Open mike 09/04/2010

Written By: - Date published: 6:00 am, April 9th, 2010 - 28 comments
Categories: open mike - Tags:

Open mike is your post.

It’s open for discussing topics of interest, making announcements, general discussion, whatever you choose.

Comment on whatever takes your fancy.

The usual good behaviour rules apply (see the link to Policy in the banner).

Step right up to the mike…

28 comments on “Open mike 09/04/2010”

  1. Pascal's bookie 1

    You can’t cut taxes without cutting spending. If you try, then all you have done is raise future taxes.

    I suspect these numbers are not something peculiar to the US and that similar polls would show similar results here…

    The simple fact is that people like govt services, but don’t like paying for them. Durr. Politicians that implicitly promise them this free lunch are dishonest.

    If we really want lower taxes, we should demand the government cut the spending first.

    • Armchair Critic 1.1

      Even if NACT just cut their ministers troughing and left the spending the same, for a start…

  2. prism 2

    President Obama gets some bad comment from some here, though I don’t know if its intended to be ironic. Now he is working on the nuclear reduction problem and has pushed the Israeli problem along. Health improved somewhat, not bad in a country where improving changes is like walking through treacle.

    In an interview this a.m. the lead analyst from some US entity commented that as we are so far away we probably wouldn’t know details of USA domestic policy. I thought that we would probably know as much as the average American!

    • ianmac 2.1

      Yes.I heard that comment about NZ probably not knowing about USA domestic policy. “We jist be poor country folk yr honour. Oops -yr honor.”

    • Quoth the Raven 2.2

      The old nuclear treaty expired so they sign a new one all hail Obama. Obama deserves to be denounced as the charlatan he is. One of the first things he did in office was order a drone attack on Pakistan that killed a number of innocent children. He just authorised the assassination of an American citizen without being charged or having a trial. This when he condemned bush for detaining people without charge. He’s taken executive power further than even Bush did and he recently renewed the patriot act. Did you forget the little thing about him escalating the war in Afghanistan or the cronyism of the bank bailouts? And healthcare “reform” please it’s health insurance reform it hardly addresses the underlying problem of health costs at all. Do pray tell what actual progress (not hollow rhetoric) has been made on Israel?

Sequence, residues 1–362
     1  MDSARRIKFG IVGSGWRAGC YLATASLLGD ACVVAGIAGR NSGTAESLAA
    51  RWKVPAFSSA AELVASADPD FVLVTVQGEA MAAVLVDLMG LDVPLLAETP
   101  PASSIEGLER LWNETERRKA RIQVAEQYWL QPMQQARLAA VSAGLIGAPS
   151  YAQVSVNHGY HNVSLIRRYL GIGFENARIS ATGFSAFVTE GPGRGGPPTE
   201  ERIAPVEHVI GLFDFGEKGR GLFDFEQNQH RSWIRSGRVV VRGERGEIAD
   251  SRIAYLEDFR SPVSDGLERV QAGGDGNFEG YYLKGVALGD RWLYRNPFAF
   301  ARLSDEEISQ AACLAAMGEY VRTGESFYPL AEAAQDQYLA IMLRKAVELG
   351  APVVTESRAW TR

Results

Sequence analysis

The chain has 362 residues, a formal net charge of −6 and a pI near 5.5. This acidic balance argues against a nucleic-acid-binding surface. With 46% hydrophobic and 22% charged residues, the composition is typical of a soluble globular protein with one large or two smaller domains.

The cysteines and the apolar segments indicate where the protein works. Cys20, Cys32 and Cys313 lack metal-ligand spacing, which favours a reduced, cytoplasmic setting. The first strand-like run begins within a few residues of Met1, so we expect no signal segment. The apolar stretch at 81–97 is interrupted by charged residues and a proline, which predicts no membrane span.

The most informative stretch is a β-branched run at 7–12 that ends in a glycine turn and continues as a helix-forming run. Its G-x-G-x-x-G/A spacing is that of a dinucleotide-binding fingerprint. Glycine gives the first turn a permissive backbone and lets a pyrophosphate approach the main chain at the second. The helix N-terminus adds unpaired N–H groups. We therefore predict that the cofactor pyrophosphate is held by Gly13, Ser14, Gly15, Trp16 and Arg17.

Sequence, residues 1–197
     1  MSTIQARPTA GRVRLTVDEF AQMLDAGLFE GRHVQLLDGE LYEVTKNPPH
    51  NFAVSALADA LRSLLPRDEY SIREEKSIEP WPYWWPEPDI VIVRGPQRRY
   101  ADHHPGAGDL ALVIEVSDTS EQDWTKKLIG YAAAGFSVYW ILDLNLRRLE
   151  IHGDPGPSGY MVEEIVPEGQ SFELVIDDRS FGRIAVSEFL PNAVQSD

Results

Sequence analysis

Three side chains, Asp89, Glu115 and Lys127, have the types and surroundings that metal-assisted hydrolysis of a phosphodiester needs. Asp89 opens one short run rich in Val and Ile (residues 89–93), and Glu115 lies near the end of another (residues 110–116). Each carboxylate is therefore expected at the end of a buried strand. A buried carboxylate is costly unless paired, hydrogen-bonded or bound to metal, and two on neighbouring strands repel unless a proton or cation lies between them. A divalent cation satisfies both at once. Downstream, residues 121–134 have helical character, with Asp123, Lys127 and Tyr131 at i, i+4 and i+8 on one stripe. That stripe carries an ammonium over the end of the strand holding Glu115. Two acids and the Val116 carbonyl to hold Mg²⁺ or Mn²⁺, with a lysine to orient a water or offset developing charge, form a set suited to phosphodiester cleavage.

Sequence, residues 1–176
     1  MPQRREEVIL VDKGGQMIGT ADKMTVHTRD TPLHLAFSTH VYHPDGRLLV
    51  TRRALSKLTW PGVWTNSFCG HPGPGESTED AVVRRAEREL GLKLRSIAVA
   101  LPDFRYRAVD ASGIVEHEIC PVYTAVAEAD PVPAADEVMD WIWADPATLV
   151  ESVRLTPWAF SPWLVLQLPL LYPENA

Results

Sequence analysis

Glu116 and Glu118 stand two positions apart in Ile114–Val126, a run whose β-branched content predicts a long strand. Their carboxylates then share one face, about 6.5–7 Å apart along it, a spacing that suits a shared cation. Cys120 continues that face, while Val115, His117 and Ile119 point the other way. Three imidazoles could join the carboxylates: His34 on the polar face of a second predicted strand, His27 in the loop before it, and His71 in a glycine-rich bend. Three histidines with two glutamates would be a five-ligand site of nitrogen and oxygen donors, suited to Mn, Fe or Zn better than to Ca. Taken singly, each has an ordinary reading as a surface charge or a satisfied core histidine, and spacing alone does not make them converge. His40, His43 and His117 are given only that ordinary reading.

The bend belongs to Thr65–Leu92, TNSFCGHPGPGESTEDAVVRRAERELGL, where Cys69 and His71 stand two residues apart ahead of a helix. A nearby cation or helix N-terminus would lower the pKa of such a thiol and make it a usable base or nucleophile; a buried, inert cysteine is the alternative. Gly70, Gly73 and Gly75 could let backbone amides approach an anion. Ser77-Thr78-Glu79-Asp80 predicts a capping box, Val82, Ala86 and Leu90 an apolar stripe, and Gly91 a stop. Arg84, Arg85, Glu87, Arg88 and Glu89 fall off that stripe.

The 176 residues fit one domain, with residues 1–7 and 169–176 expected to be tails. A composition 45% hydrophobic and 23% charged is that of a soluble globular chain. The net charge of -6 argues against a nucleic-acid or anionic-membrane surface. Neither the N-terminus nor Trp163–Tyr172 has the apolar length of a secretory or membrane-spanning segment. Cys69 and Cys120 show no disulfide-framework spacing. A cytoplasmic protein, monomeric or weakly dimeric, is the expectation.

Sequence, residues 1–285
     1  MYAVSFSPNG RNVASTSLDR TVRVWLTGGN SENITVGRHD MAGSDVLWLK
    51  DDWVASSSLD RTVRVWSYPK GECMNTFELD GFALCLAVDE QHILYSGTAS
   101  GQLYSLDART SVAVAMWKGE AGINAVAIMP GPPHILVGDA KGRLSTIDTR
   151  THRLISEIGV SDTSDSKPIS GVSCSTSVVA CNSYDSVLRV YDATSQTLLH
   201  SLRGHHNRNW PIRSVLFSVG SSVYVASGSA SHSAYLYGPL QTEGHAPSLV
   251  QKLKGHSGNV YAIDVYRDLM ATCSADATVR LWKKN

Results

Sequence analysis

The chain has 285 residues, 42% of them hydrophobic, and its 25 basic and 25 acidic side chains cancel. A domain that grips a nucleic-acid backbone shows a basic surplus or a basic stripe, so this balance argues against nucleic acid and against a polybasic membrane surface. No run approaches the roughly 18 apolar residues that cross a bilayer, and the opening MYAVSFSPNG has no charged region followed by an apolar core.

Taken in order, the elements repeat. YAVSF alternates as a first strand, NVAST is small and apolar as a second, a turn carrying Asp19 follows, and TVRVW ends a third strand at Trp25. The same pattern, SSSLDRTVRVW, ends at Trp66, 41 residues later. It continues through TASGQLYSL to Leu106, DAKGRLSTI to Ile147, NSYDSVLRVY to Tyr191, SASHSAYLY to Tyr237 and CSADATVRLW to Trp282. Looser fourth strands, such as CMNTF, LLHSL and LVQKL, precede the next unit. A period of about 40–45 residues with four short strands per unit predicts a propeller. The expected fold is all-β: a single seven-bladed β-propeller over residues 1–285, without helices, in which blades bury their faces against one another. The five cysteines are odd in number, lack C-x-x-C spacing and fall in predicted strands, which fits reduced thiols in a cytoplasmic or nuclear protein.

• prism 2.2.1

        qtr You are probably right in what you say about Obama, I don’t know if there are excuses for any of those things you quote – the best of two bad policies for instance, but I want to believe he is going to be better than the other charlatans the USA has had recently. Cold reality will set in soon I suppose – another the Winter of Discontent.

        • Quoth the Raven

          I highly recommend you read that link on healthcare. Just read it myself and it’s absolutely superb and a bloody eye-opener.

          • Draco T Bastard

            It’s the typical story of capitalism – restriction and then prices increased to boost profits for the shareholders.

            • Quoth the Raven

              The thing is many erroneously believe that regulation, restriction, regimentation, etc will save them from the rapacious capitalists ignoring economic reality. .

        • Jenny

          Bush light? any takers?

  3. prism 3

    Have gone to whanau ora area

  4. Olwyn 4

    There was an item on Morning Report today about those on invalids’ benefits having a form to sign which allows case workers to question their doctors. Apparently, if they do not agree to sign the form, they must then go to a WINZ designated doctor. It would seem, by the numbers going from the invalid’s to the sickness benefit, that the WINZ staff, having demanded information about the patient, are then able to challenge the doctor’s assessment of their health status. Not only does this come close to infringing on patient confidentiality, it is another area in which professionals are being reduced to policy checkout chicks – judges are not up to the task of sentencing, councils are not up to the task of administering cities, and doctors are not up to the task of diagnosis. Presumably, the only people who count as qualified in these areas are the government and its political allies.

  5. ianmac 5

    Olwyn. Yes to all of your post. And Saun nailed it when he questioned Mike Smith (?) about the numbers on the invalids benefit. The quarterly figures of intake to the invalids benefit since 1993 have been between 400 and 500. The figures from WINZ own stats show the most recent quarter at 23! What can explain this? Mike did not know. But it seems to support the complaint that they are chucking beneficiaries off the list perhaps against the laws set out. Or they might argue that those people should not be on the invalids benefit for over 16 years. Watch this space.

    • BLiP 5.1

      This sort of approach to providing government services is being reflected in ACC as it moves towards the private enterprise insurance model where a set number of claims are declined regardless in the knowledge that most of the claimants won’t bother with an appeal. Sickening.

    • Descendant Of Smith 5.2

      I was interested in this post as most posts here seem to have some factual data to at least provide a basis for drawing an opinion and is one of the reasons I like this site. My wife has worked for years in the disability sector and she’s not noticed any particular change from her end.

      In my search for data I came across this report which at least attempts to explain the complexities of Invalid’s Benefit numbers which might help draw a few better informed conclusions.

      Invalids Benefit Growth